In a move to protect hikers from themselves, officials at Lake Mead National Recreation Area in Nevada have temporarily closed the Goldstrike Canyon and Arizona Hot Springs trails because it's too hot for most people.
Lake Mead National Recreation Area
Turbulent Waters Keep National Park Rangers Busy With Rescues At Lake Mead NRA And Sleeping Bear Dunes National Lakeshore
A quick turn of the weather forced rangers into rescue mode at Lake Mead National Recreation Area and Sleeping Bear Dunes National Lakeshore as high winds and waves left dozens of boaters seeking help. The final tally: 70 distress calls at Lake Mead, 11 rescues performed, including of one woman who spent three hours treading water and praying, and the rescue of five young sea kayakers at Sleeping Bear.
A 30-mile watery ribbon that flows below Hoover Dam in Lake Mead National Recreation Area in Nevada has been designated a "national water trail," the first in the Southwest.
In an ideal world, those of us on a trip to a park could take off our watches, never glance at the time on our electronic devices, and not even care what day of the week it is, much less the hour of the day. That's unfortunately not always the case, of course, so it's important to know there are some parks where the answer to "What time is it?" may not be what you expect.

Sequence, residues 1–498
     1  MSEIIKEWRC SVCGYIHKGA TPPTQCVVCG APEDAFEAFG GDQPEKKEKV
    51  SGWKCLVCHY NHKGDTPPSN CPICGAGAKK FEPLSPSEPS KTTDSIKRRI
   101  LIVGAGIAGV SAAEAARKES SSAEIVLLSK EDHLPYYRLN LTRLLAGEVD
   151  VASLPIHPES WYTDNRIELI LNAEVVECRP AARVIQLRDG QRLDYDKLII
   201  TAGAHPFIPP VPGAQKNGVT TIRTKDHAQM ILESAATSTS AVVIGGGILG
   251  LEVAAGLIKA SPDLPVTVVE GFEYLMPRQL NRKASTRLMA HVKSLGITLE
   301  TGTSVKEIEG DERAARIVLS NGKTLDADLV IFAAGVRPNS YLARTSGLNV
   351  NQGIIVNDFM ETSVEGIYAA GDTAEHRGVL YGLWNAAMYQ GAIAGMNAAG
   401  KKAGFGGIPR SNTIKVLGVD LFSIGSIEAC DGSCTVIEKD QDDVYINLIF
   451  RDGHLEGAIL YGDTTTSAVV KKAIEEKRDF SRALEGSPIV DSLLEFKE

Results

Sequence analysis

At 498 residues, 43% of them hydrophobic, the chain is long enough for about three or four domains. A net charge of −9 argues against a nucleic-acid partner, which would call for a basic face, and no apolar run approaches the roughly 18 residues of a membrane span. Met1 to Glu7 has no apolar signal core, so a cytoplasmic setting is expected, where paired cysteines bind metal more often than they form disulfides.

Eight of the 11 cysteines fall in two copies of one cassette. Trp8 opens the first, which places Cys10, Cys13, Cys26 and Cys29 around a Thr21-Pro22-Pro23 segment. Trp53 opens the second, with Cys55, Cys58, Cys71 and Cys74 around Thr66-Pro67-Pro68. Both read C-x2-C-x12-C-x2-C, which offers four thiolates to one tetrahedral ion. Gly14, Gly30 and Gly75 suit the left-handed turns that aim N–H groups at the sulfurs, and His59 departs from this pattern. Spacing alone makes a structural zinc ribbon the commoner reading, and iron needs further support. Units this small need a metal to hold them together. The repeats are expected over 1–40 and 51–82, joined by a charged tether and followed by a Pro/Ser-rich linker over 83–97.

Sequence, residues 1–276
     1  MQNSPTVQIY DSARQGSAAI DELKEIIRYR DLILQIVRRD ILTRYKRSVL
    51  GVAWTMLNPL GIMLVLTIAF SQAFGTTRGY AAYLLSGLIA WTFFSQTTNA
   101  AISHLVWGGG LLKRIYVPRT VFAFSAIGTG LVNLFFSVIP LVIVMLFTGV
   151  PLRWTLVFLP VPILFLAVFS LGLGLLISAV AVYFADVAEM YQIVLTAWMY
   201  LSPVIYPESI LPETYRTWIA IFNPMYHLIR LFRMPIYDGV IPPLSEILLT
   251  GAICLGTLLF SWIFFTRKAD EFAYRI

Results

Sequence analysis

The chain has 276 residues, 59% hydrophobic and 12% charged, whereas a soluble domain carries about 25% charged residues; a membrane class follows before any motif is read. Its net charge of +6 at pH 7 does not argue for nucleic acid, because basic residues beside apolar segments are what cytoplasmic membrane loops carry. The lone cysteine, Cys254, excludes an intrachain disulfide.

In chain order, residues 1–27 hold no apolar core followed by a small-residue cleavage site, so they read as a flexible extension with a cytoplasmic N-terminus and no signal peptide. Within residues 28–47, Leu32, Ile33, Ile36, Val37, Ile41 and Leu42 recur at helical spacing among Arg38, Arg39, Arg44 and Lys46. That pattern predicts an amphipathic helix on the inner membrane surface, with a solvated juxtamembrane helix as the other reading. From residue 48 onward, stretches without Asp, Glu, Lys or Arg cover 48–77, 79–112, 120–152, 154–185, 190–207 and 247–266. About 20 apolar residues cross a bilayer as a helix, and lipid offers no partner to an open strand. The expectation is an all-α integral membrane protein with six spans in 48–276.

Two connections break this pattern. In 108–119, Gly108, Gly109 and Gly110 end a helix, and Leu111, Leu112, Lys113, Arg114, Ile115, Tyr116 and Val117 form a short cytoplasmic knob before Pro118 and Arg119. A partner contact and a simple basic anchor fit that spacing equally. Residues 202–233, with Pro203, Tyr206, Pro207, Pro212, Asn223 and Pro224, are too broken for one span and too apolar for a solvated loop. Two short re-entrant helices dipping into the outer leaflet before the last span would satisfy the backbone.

Throughout the National Park System, and other public lands across the nation, arguably the most popular facilities are also the most utilitarian: comfort stations. They come in a variety of styles, from modern to rustic, but one good rule applies to them all—please keep the outside door closed. Failing to do so can lead to some classic examples of the Law of Unintended Consequences.
National Park Service rangers from across the park system have been honored by Interior Secretary Sally Jewell for valor in the line of duty.
One man has died and two were missing Saturday in a boating accident at Lake Mead National Recreation Area.
With all the sunny days in Nevada, it would be a sin not to tap into that energy. And that's what the National Park Service is doing at Lake Mead National Recreation Area.
An annual survey of raptor species at Lake Mead National Recreation Area in mid-January found a slight decline in the number of bald eagles from the previous year, but biologists were not surprised by the results. What's behind the changing numbers of these birds?
Lake Mead National Recreation Area may be centered around water, but there also is a land mass attached to the NRA, and wilderness areas within that mass. Now the park staff is working to develop a management plan for those areas.